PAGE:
Ultimate Ski Jumping 2020 Review

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When it comes to Winter sports, one of my favourite disciplines has to be the thrill of the ski jump. Watching each of the competitors glide down the in-run with speed, before launching off the take-off table to soar through the air in a streamlined fashion and then, using all of their skill, to land a perfect descent has to one of the most exhilarating and scariest disciplines any athlete can undertake. Its competitive edge also provides an edge-of-your-seat viewing with its close-calling and the atmospheric ringing of bells, crowd cheers and starting signals that always creates an ambience of tension and excitement. Personally though, I don’t think it’s a sport that I would like to participate in, after all, I can barely walk up the end of the road when it’s been snowing, let alone slide down a ramp to launch myself into the air. However, I’ve got no problem with this in the digital world, as Ultimate Ski Jumping 2020 takes to the pistes and launches upon the Nintendo Switch.

As you may have already guessed by the title, Ultimate Ski Jumping 2020 presents a simulation of the sport it is named after. However, this is no serious simulation, but instead presents a pixel graphic and arcade style interpretation; one that follows a campaign, competition, customisation and online capability to soar through the air with a host of content. Whatever mode you play though, the general premise of the game involves qualifying and competing against a series of AI or human competitors through a series of varying, downward ramps to achieve the longest jump within each competition.

Beginning with the tutorial, the game gently eases you through the mechanics of performing such a jump. You have a choice of two control schemes, normal and realistic, which require either the A button to perform actions or the ZL and ZR buttons respectively. These cover launching your skier, jumping from the slopes and landing on contact with the ground. When in the air, you can also adjust the positioning of your skier with the left analogue stick to position yourself in a more streamlined position against the wind, which is represented by a directional arrow in the top-left corner of your screen. All in all, it’s a very simplistic control scheme and easy to get to grips with. The real challenge comes in finding those sweet spots that creates the most speed, propels yourself into the air, positions yourself in the best streamlined position and the point of contact to ensure a smooth landing.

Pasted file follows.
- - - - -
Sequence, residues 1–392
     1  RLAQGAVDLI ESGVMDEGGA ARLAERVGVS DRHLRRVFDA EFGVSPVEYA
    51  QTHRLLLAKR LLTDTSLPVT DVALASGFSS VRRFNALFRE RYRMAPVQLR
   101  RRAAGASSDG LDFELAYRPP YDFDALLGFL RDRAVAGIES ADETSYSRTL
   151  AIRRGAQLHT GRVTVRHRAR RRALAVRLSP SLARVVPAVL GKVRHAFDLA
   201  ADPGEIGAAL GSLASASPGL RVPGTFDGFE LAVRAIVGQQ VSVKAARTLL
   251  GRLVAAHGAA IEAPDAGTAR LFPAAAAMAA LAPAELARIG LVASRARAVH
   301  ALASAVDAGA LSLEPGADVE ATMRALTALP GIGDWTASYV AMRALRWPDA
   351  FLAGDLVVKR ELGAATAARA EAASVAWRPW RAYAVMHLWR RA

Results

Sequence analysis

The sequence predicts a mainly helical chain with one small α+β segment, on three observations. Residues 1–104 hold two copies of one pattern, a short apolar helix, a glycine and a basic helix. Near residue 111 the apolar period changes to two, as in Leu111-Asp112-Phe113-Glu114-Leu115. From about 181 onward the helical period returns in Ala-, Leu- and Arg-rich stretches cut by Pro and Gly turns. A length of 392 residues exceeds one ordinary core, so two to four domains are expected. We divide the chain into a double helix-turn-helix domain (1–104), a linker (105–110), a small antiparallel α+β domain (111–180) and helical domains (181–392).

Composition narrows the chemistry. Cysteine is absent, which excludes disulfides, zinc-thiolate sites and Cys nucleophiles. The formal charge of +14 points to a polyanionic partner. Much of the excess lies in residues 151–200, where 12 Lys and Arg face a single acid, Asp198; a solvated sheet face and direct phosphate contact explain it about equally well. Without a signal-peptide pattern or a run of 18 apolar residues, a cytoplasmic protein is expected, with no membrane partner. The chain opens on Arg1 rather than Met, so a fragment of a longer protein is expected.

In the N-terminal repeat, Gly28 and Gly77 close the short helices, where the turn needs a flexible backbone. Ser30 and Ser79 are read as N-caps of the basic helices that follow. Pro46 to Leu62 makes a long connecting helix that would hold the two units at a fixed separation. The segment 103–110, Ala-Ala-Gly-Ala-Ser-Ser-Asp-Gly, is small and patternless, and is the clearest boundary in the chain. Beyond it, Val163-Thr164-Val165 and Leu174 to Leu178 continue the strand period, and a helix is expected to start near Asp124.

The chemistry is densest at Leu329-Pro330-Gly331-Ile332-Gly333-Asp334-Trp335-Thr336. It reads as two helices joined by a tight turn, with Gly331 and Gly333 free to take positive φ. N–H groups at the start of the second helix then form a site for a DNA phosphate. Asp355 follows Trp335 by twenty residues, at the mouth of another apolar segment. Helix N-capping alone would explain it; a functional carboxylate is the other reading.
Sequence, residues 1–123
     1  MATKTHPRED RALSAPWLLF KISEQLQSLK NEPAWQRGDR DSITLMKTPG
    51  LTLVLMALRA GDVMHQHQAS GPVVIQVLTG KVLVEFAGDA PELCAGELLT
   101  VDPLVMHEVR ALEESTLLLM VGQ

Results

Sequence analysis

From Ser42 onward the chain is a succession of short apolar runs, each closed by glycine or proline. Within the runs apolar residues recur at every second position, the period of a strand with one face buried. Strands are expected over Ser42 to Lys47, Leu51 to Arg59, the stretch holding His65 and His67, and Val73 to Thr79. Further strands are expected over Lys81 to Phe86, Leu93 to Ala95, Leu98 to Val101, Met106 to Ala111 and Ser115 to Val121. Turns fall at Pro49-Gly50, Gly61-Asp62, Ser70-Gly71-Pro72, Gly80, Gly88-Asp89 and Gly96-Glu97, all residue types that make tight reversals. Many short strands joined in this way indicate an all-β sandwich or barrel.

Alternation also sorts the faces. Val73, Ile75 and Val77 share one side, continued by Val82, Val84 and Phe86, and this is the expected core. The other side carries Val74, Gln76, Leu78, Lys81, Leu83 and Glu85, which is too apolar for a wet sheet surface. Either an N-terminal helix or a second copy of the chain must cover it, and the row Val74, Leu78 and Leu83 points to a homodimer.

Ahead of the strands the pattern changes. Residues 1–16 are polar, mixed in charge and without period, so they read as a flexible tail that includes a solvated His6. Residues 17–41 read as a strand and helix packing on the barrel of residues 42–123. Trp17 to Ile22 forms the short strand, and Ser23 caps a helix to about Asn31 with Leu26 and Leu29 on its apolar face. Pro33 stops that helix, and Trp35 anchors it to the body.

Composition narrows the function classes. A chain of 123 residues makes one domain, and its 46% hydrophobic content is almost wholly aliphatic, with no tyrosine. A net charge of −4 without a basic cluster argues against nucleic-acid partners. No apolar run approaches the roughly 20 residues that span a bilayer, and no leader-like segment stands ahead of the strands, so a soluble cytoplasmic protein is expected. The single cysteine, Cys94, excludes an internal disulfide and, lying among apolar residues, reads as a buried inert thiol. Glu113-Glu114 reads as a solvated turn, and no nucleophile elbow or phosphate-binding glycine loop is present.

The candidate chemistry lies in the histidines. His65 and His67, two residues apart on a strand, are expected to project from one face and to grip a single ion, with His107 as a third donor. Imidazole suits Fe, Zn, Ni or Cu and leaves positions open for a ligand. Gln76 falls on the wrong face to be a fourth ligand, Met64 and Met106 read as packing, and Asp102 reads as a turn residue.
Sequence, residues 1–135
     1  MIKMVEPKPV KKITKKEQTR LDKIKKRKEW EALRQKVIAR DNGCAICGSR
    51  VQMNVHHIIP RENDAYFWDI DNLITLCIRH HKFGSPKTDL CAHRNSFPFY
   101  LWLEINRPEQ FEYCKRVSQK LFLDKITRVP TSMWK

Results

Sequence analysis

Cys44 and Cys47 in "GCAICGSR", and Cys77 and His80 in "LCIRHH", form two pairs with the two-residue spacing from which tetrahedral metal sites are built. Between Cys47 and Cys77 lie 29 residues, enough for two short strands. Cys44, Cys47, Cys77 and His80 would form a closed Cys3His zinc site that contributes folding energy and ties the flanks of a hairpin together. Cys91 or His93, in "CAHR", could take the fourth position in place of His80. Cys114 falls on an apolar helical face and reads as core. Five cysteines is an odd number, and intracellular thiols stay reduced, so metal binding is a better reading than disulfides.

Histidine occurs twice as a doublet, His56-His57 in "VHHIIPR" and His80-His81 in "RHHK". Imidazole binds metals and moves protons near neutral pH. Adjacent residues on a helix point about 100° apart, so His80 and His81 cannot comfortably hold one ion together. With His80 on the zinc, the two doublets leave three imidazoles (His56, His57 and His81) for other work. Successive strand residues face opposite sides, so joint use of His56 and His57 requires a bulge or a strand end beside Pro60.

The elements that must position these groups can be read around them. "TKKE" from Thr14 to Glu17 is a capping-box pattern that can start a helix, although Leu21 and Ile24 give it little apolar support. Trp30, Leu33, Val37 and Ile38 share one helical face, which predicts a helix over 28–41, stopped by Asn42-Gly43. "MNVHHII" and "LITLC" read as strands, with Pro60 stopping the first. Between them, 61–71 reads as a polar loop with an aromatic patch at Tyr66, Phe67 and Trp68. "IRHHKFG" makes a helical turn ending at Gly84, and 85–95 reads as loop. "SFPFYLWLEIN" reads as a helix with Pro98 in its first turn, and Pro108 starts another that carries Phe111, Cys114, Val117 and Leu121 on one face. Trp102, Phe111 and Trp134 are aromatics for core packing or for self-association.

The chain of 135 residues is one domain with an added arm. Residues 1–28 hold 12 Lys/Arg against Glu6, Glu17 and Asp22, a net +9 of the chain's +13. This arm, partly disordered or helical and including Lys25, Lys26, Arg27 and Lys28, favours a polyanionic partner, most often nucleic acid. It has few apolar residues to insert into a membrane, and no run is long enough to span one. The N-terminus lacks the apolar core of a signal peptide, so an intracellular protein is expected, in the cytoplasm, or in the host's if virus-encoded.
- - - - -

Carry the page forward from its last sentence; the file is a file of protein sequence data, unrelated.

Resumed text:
Once the fundamentals of control have been learnt, you then embark on a series of competitive game modes that takes you through a variety of levels, from the grass roots of grass skiing to the sands of the beach and the Olympic sized slopes, to even launching yourself upon the moon! In order to get a feel for each variation in level design and control scheme, it’s best to play through the campaign mode, which follows the exploits of up-and-coming Polish skier, Andrew Sturk. Charting his career, you play through a series of disciplines and locations, as you qualify and compete through a series of jumps. Each of the levels require you achieve a specific placing, for instance, top 30, top 10 or top 3 in order to advance to the next stage. Between jump or event, the narrative is pushed forward through a series of text presentations as the next level loads.

In general terms of gameplay, there’s nothing too demanding from progressing through each of the stages, although some levels possess normal and realistic controls, as well as an increasing challenge as you advance. Some levels also present a series of challenges to overcome or scenarios, such as feeling unwell or your competitors catching a bug. With a total of twelve levels, this is a campaign that can be, relatively breezed through within a couple of hours. With such a short campaign, the game also comes with a variety of other modes in order to sustain some form of longevity, with tournaments, solo matches, training runs and online competitions to compete in.